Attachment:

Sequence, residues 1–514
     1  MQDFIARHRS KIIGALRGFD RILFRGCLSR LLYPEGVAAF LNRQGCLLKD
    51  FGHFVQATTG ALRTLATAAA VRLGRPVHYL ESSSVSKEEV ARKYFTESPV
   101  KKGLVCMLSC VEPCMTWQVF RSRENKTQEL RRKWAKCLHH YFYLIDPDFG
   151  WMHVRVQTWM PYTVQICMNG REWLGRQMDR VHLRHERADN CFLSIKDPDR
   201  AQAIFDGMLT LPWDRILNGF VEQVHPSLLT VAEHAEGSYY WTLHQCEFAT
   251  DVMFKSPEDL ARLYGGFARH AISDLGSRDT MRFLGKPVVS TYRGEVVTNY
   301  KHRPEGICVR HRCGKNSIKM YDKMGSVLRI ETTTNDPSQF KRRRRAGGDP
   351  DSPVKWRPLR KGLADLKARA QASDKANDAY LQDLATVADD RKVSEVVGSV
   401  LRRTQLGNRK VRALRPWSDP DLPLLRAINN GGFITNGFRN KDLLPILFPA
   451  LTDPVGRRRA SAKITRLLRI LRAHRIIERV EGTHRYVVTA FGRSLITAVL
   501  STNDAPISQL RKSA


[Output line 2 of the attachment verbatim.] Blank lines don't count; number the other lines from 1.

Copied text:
     1  MQDFIARHRS KIIGALRGFD RILFRGCLSR LLYPEGVAAF LNRQGCLLKD